Africa heads gay backlash

Gay rights in Africa are in the spotlight again after the arrest of two men in Cameroon, allegedly for “looking feminine”. There have also been reports of other arrests this year, with four men between the ages of 17 and 46 named, and Alice Nkom, lawyer and president of the Cameroonian Association for the Defence of Homosexuality (Adefho), who discovered in 2007 a gay man who had been jailed without trial for two years, has herself been threatened with arrest.

Prisons in Cameroon, as in many other African states, are overcrowded, with poor sanitation, limited food and often with inmates sleeping on the floor. The two men—a 19-year-old known only as Jonas and a 20-year-old known only as Francky—are being held in Yaoundé‘s Kondengui central prison, where activists claim they were beaten and tortured.

Amnesty International has repeatedly sounded the alarm over such abuses. In March it reported: “Jean-Claude Roger Mbede was sentenced to 36 months’ imprisonment after sending SMS messages to a male acquaintance.” Cameroon is apparently now preparing to toughen its laws against homosexuality, already a crime in the country, by equating gay acts with paedophilia.

Nkom told Agence France-Presse that the state “has widened its jurisdiction and created confusion between homosexuality and paedophilia, which will allow judges to condemn more people more easily”.

In the draft law homosexual acts in general remain punishable by imprisonment of between six months and five years, according to activist Stephane Koche. Two new bylaws punish homosexual acts with minors between 16 and 21 years of age with eight years in jail and terms of 10 to 15 years if the minor is younger than 16, said Koche. The new law thus equates acts committed with people of both age groups as paedophilia.

On August 20, at the funeral of Solomon Mujuru, Zimbabwe’s first defence chief, President Robert Mugabe once more lashed out against gay and lesbian people. One source told me: “Mugabe said it was his ‘principled, unwavering’ stance against same-sex unions that made him loathed in Europe. He reiterated that gays were worse and lower than pigs and dogs because at least his pigs and dogs knew their female partners and did not have sexual liaisons with pigs of the same sex.

It seems that in Zimbabwe and many other African countries the targeting of gay people is rising. Political rivals or journalists attack one another publicly with allegations, often false, of homosexuality. According to one source, an increasing number of Zimbabwean journalists accused of homosexuality quietly pack up and leave the country.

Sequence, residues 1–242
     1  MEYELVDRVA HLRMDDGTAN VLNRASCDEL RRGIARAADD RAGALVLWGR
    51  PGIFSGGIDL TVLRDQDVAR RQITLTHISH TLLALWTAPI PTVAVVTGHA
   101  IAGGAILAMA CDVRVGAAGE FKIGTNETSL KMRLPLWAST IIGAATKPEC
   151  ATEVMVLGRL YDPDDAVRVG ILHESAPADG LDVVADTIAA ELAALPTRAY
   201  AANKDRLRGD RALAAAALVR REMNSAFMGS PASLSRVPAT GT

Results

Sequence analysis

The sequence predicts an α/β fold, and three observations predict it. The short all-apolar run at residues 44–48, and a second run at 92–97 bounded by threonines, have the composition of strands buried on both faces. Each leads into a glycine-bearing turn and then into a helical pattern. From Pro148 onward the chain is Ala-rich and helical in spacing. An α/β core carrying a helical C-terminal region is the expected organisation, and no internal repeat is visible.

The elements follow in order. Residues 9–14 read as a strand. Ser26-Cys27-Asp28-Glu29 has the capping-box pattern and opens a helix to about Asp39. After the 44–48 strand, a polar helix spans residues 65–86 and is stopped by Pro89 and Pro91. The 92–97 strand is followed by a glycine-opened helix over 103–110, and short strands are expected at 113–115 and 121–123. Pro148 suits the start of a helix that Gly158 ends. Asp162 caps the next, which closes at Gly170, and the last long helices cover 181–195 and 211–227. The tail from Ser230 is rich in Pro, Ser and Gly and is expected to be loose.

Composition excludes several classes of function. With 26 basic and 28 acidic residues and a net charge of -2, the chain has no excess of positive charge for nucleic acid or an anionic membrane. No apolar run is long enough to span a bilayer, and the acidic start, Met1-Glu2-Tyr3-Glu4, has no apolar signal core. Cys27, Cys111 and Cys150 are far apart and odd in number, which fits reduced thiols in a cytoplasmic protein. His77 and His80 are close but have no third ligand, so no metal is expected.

Violence is rising too. David Kato, a high-profile gay-rights activist, was beaten to death in Uganda. But many other cases do not make the media. One study lists 76 countries, many in Africa and the Middle East, that still prosecute people on the grounds of their sexual orientation—seven of them punish same-sex acts with death.

I was present when the United Nations Human Rights Council (HRC) debated a resolution supporting equal rights for all, regardless of sexual orientation, promoted by South Africa. Three African countries attended the informal debates. One, Egypt, blamed South Africa for not consulting the Africa group sufficiently and “going it alone”.

I was asked to deliver an im­promptu speech in support of the resolution, which I did. After some strong criticism, Egypt left the room. The Black Sash spoke in favour of the resolution and together we pointed out violence against lesbians, particularly, had pushed us to do more on this issue.

The resolution was passed with 23 votes to 19, with three abstentions, and became the first gay-rights resolution ever passed by the HRC. And it was sponsored by an African country—our own. It was a proud moment. The resolution was backed by the United States, the European Union, Brazil and other Latin American countries.

Nigeria, speaking on behalf of the Africa group, was prominent among the nations that voted against it. Others were Russia, Saudi Arabia and Pakistan. China, Burkina Faso and Zambia abstained; Kyrgyzstan didn’t vote and Libya had been suspended.

Nigeria’s representative, Osita­dinma Anaedu, said African countries “and more than 90% of the African people” opposed the resolution. He felt the council was imposing something undemocratic on them. Same-sex sexual activity is punishable by death by stoning in Nigeria’s 12 states that have adopted sharia law and by up to 14 years’ jail in the rest of the country.

It is bizarre to see one African country leading the advancement of gay rights while another leads the charge to prevent them. Clearly this will be a bone of serious contention for years to come—indeed, a long walk to freedom.

Ian Ollis is an MP and vice chairman of the Democratic Alliance in Gauteng

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